From my perspective, I think some of this comes down to being able to relax a bit. Anyone who’s ever had a brand-new car (I did just once) knows the worry of potentially scratching or denting it. With something new and perfect you’re only ever going to go one way! A clean white rendered wall will only ever look worse over time as it gathers grime, algae, and graffiti. You must decide if you actually like something new. You need to live with it, find its flaws and foibles. Something that appears already used and familiar has an instant easy appeal.


The owner of an historic or older building will generally feel like a custodian of it. They appreciate that it will most likely outlive them and as such they become an important part of the process of securing its ongoing survival. Ownership is key when it comes to really caring for something, wanting to make the right decisions, invest and take pride in something.


But there must be more to it than that? There is something attractive to many people about buildings and objects that are maybe viewed as ‘classless’, non-showy and don’t appear to wear any kind of badge in terms of attempting to try hard to impress. There’s little pretention in a cottage, it’s almost designed itself and it’s evolved with time to suit its owners and the way they wanted to live at that moment in history. The remnants of this evolution live on and become mixed with new improvements and interventions. Hence there is an organic, almost anthropomorphic, process and a result that we can relate to as humans.


The shabby, old, and patinaed also provides a fantastic foil to the contemporary. Chosen well, modern light fittings, finishes and furniture can be shown off to their best against less than perfect backgrounds, the visible difference accentuating the quality of the modern and new item by comparison. Carefully chosen materials can age positively. A new stone-faced wall, or brick wall, will weather and soften, and the passage of time sits comfortably upon these materials, even improving them when compared to their ‘raw’, new appearance.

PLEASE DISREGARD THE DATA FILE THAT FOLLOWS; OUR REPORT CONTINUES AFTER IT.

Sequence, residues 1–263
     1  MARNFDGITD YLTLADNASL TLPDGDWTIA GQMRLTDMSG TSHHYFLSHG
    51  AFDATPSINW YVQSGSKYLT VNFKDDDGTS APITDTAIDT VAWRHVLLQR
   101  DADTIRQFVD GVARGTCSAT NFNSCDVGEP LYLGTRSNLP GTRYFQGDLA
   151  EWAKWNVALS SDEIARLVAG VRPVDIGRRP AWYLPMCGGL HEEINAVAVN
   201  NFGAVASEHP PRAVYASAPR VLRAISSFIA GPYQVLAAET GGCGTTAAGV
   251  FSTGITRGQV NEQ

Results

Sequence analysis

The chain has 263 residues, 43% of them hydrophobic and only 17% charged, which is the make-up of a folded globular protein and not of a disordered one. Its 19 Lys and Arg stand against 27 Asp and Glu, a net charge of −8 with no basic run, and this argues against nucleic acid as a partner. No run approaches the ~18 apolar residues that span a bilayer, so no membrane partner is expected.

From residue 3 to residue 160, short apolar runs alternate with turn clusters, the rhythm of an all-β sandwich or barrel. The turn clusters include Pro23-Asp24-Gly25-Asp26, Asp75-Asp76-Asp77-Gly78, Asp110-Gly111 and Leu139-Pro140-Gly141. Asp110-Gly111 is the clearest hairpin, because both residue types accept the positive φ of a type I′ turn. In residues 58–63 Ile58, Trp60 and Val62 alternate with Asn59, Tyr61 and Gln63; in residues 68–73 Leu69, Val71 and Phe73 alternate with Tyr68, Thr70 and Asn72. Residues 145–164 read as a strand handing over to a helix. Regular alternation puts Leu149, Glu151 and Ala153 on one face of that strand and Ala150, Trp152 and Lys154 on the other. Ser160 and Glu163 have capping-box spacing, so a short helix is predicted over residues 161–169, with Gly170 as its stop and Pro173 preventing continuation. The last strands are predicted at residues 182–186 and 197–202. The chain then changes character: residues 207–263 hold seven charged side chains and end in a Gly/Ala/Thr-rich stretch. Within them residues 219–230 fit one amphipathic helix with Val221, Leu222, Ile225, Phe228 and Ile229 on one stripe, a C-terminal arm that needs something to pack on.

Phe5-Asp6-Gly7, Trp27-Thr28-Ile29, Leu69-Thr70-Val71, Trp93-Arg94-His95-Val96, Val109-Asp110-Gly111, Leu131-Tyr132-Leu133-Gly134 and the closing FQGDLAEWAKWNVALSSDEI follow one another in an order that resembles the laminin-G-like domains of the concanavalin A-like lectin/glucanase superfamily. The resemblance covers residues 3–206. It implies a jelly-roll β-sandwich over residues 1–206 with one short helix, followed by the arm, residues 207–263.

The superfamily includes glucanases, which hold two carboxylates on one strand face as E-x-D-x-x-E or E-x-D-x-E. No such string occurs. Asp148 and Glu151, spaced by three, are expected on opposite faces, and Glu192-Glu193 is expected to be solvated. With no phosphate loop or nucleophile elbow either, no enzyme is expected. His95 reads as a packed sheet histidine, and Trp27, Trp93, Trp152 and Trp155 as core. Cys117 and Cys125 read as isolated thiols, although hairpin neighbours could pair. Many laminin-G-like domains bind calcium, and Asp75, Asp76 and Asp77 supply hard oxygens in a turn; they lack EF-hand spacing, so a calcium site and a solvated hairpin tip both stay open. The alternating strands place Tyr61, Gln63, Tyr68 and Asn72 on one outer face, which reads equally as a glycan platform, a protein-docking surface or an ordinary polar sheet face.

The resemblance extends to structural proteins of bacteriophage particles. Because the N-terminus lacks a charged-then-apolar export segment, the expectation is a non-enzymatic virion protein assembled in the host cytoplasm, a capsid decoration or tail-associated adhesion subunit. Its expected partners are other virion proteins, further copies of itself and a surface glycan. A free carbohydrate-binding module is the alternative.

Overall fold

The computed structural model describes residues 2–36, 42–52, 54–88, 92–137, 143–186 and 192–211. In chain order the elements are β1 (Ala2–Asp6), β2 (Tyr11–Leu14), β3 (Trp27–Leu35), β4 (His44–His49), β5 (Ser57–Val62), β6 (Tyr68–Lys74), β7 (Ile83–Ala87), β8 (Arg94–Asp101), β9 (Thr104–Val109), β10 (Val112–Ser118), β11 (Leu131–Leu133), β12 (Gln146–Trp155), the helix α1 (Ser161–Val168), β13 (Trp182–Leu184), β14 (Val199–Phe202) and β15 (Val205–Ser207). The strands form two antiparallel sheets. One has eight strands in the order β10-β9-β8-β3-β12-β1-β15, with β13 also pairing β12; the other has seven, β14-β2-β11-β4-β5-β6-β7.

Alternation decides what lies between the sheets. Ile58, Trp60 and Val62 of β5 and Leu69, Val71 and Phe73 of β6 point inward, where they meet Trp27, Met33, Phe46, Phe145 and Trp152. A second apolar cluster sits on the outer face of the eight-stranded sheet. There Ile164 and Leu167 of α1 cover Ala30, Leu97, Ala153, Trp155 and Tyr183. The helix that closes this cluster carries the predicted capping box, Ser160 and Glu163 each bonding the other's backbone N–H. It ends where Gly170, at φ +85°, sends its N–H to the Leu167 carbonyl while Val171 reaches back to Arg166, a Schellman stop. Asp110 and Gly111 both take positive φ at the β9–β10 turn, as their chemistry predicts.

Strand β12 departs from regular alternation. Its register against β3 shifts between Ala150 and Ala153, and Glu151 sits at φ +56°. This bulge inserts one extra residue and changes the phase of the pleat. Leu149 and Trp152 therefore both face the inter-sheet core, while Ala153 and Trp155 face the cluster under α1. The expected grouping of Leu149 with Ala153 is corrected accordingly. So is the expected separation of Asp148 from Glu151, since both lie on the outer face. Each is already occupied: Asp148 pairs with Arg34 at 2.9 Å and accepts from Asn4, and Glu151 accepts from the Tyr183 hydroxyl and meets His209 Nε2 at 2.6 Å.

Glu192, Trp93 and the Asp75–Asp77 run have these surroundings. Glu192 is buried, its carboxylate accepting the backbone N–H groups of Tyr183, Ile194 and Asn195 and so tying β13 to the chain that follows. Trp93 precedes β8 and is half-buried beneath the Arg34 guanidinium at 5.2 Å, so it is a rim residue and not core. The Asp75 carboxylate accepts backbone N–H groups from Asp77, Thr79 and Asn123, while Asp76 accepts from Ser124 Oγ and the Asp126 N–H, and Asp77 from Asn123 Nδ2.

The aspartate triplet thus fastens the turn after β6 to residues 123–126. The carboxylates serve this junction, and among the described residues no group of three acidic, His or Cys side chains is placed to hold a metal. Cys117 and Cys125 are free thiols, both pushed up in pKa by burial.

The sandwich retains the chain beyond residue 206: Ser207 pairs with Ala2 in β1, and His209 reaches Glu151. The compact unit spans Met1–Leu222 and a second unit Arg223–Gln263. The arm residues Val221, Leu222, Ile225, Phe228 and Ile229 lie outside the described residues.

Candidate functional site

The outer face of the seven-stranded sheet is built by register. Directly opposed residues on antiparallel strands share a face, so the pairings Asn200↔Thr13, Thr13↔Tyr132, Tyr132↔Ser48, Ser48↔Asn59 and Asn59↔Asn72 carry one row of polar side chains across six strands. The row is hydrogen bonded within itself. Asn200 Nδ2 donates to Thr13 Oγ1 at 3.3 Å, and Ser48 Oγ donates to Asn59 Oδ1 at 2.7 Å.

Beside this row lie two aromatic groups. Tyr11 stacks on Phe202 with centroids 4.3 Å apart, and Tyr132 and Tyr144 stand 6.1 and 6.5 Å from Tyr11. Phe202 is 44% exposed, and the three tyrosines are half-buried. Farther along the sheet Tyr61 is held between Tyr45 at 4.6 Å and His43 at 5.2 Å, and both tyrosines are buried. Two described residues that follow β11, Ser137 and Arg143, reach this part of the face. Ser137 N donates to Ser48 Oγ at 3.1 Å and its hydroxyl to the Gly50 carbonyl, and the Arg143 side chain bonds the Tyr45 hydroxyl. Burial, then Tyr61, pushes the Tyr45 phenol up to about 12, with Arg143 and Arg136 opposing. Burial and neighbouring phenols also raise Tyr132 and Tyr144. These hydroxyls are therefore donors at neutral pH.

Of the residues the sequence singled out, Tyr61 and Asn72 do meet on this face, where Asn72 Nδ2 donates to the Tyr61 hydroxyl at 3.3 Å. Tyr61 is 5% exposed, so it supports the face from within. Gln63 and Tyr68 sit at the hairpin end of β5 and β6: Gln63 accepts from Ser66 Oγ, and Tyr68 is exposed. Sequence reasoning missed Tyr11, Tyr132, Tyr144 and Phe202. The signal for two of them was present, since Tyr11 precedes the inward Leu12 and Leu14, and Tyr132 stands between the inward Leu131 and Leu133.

It’s easy to suppose that, for instance, a 1970’s interior was wholly in the 1970’s style. This might have been the case for the very wealthy, but the majority of interiors of that decade would have comprised objects and furniture from a variety of the preceding decades as few people would have been able to afford a complete change in style. How many of us would be able to, or want to, do this now?


The shabby-chic style has certainly become the interior stylist’s best friend over the past decade or two, providing a wealth of opportunity for up-cycling, reinventing, mixing, and reusing items, spaces and places. Bringing the familiar and historic cheek-by-jowl with the new, sleek and ergonomic. I’m very happy to live work and play in these spaces, but I’m not about to rush out and buy ripped jeans anytime soon!

Dale's experience spans a wide range of project sectors, sizes and stages and has particular interests in environmental design and earth-sheltered construction. His favourite projects reuse and breathe new life into under-loved existing buildings.